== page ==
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  • Nicola Morek

'Top ways to eat organic for less'

Something I feel very passionate about when buying food for my family that it is organic. I know it then has fewer pesticides, is better for the environment and is GMO (Genetically Modified Organisms) free.


This is also the reason all the ingredients I use for my cakes are organic. Sourcing non organic ingredients would certainly make more sense from a financial perspective but it would go against my beliefs and the way I try and live my life. Therefore it is a compromise I'm not willing to make for my business.


Sadly organic food can be so much more expensive which is why I wanted to share some of my top tips which I hope will be helpful.


Local vegetable boxes


Buying local where possible truly fills me with joy. Not only am I supporting another small business (win), I also know the food I'm buying has not travelled halfway across the world. It is so fresh therefore contains the most nutrients possible (double win).


I always unpack the box with my kids which does encourage them to try new foods for sure, they may not always like what they are trying but I'm happy they give it a go.


It is much better value than buying the items individually and you aren't left with a pile of packing that can't always be recycled as when buying from the supermarket. Finding your closest supplier couldn't be easier, just use the soil association link below.


https://www.soilassociation.org/organic-living/buy-organic/find-an-organic-box-scheme/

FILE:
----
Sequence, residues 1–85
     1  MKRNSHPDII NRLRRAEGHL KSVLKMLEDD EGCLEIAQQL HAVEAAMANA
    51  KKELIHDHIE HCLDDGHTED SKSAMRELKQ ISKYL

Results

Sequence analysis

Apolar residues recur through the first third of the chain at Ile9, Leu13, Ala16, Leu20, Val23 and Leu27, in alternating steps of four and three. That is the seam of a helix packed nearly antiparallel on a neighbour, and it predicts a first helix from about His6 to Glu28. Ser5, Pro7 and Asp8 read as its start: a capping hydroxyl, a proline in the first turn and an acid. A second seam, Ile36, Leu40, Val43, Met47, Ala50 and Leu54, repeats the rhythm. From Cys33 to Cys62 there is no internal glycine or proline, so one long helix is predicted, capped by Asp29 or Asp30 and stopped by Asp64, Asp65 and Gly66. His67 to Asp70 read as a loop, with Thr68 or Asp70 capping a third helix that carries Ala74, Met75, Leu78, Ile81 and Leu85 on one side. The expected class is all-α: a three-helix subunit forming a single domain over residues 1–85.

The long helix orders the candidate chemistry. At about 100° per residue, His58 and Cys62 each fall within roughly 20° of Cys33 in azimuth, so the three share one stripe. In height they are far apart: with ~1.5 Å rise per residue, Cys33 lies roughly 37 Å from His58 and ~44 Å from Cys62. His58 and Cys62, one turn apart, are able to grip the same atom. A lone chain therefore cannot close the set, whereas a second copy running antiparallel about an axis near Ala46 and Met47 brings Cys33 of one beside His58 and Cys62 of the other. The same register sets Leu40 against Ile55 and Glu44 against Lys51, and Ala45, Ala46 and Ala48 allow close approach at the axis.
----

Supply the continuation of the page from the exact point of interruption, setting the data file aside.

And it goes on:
Shop local


Brighton and Hove have some brilliant health food shops which stock mainly organic food with a great range of local produce. As organic food doesn't contain pesticides (to give them longer shelf life) they regularly discount fruit and vegetables that need to be eaten pretty sharpish. I often buy fruit and freeze it in batches to use in smoothies at a later date. They also use recyclable paper bags which again avoids all the wastefulness of plastic.


Buying in bulk


Rather than buying smaller packets in the supermarket if it's something I use a lot of i.e. porridge oats, plant milk, dried fruit, I buy in bulk and it's sooooo much cheaper.


These are a few of the wholesale shops I've used below, I mainly use infinity foods as it is actually based only a few miles away from Brighton in Shoreham.


https://www.infinityfoodswholesale.coop

https://www.buywholefoodsonline.co.uk


Ditch the tins


Something that I do regularly is cook my own lentils, beans and pulses. I buy them dried, soak overnight, cook and then place them in bags in the freezer (flat to stop them sticking) until I need them. It works out so much cheaper than buying tins and a lot less wasteful. It also works out great to be able add a handful of chickpeas or black beans to recipes without having to open a full tin.


We have also been very lucky in Brighton and Hove to have the amazing Charlotte's Cupboard recently start delivering in our area. They are the UK's first packaging free shop on wheels! Their aim is simple, produce less waste, be kind to the plant and shop more efficiently. You place an order online (most of their products are organic) and they can either deliver to your door or have regular local weekly collection points. You can then take your order and store your food in jars (my favourite are these Ikea options), tins, old glass jars, reusable cotton sacks or whatever takes your fancy.


Lastly when it's not possible to buy organic I always try and stick to avoiding the dirty dozen.


Hope this helps and I'd love to hear your tops tips?







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